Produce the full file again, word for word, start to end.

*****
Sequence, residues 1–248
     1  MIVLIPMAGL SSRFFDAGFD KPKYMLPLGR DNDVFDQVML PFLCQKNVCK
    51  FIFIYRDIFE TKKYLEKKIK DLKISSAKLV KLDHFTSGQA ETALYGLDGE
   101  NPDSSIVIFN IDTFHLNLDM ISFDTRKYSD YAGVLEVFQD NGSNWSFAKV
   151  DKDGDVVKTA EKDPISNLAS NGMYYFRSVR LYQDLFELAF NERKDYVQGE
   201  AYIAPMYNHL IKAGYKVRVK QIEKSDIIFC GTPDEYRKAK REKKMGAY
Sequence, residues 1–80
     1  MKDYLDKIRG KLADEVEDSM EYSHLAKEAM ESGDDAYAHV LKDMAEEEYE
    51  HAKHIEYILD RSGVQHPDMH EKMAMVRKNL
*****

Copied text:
Sequence, residues 1–248
     1  MIVLIPMAGL SSRFFDAGFD KPKYMLPLGR DNDVFDQVML PFLCQKNVCK
    51  FIFIYRDIFE TKKYLEKKIK DLKISSAKLV KLDHFTSGQA ETALYGLDGE
   101  NPDSSIVIFN IDTFHLNLDM ISFDTRKYSD YAGVLEVFQD NGSNWSFAKV
   151  DKDGDVVKTA EKDPISNLAS NGMYYFRSVR LYQDLFELAF NERKDYVQGE
   201  AYIAPMYNHL IKAGYKVRVK QIEKSDIIFC GTPDEYRKAK REKKMGAY
Sequence, residues 1–80
     1  MKDYLDKIRG KLADEVEDSM EYSHLAKEAM ESGDDAYAHV LKDMAEEEYE
    51  HAKHIEYILD RSGVQHPDMH EKMAMVRKNL